This article was first published February 14, 2020 at Troy Media
Questions are one of the most powerful tools we have in our arsenal as leaders, professionals, parents, human beings. One of my favourite personal stories about the power of a question comes from an interview. My final interview for a job I really wanted was with the CEO of the company. After peppering me with questions, he asked if I had any for him. I asked him why he was the CEO. Twenty years later, I can still remember the ‘whiplash’ that unexpected question elicited. Afterward I got feedback that it was a very bold question. I also got the job - either because of, or in spite of - what that encounter said about me.
Questions, unlike opinions or advice, have a unique ability to stop a thought process or redirect a discussion. We have all been in meetings where someone is going on and on about what they think. It is easy to sit back and tune out. But a question immediately demands our attention. The better the question, the more likely we are to perk up, and the more likely the conversation will deepen and our exchange become more meaningful.
What is a good question?
A ‘good question’ has a number of characteristics. It is well-considered. It comes from a place of genuine curiosity. It is ‘on-topic’. It is positioned in a way that allows the discussion to move forward. It requires people to pause and think before answering. It challenges assumptions. It opens up new pathways of thinking.
Coaching is a very popular development strategy for a reason. It is, at its core, all about asking the good question. A really good question is fuel for our reflection, awareness and insight. Most of us like to solve our own problems, and good questions invite us to do that.
When should you use a question?
There are a few key situations where asking a good question or two is more effective than giving advice.
When someone is on the verge of making a breakthrough. When someone you are coaching is close to finding a solution or forming a new insight, it is very tempting to step in and point out the obvious. One of the reasons leaders admit they do more ‘telling’ than ‘coaching’ is because allowing others to work through problems can be painfully slow at times. One of the best ways to help someone make that final leap of insight is by asking a really good question.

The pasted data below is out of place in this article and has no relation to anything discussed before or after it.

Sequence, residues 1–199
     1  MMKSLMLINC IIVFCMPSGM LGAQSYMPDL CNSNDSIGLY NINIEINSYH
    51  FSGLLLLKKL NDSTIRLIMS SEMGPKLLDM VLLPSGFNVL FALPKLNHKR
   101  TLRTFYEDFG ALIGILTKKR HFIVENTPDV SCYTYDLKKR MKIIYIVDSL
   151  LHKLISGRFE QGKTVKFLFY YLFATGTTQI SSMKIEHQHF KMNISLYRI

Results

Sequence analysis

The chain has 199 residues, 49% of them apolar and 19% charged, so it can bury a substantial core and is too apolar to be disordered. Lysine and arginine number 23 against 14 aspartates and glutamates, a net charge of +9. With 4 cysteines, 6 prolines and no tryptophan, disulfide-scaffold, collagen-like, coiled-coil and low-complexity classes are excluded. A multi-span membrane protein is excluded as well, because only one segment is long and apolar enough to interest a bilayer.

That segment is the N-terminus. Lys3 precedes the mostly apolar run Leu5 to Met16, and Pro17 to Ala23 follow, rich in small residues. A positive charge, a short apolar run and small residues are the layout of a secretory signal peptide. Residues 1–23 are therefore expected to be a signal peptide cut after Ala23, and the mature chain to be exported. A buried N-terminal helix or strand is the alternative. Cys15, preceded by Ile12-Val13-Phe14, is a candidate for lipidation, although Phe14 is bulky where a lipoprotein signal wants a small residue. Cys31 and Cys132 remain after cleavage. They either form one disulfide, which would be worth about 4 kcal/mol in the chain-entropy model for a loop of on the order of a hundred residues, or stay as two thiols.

When someone is stuck in a rut. Do you know someone who is constantly complaining about the same old thing? When I see that person heading toward me, I can be guilty of looking for an escape hatch. When my friend Perry wanted to talk, for the hundredth time, about how under-appreciated he felt at his company, I decided to change tactics. Perry was stuck in a rut - unhappy but not doing anything about it. Instead of spending 30 minutes listening, nodding and showing empathy, I asked a question instead: “What do you need to do in order to leave this job and move to a place where you will be appreciated?” My question took Perry off-guard because it wasn’t my usual ‘if you hate it so much why don’t you leave?’ question. It was a ‘how’ question, and ‘how’ questions engage our problem solving brains. Instead of complaining, Perry spent the next 30 minutes talking about strategies for leaving, as well as sharing his fears and feelings of inadequacy. Asking a really good question can be the impetus for helping someone get ‘unstuck’.
When someone is coasting. When you see someone who is not living up to their potential, a question is far more effective in inspiring action than a judgment. For example, telling your daughter she could have had an A in math if she had worked a little harder is unlikely to be met with a positive response. Asking her ‘how important is it to you to get an A in math this year?’ is more likely to help her reflect on and tap into her own motivation.
Knowing when and how to ask a good question is an invaluable skill. It will make you a better leader, a better coach, a better parent, a better friend. And asking really good questions is also the best way I know to come across as really smart without having to know all the answers.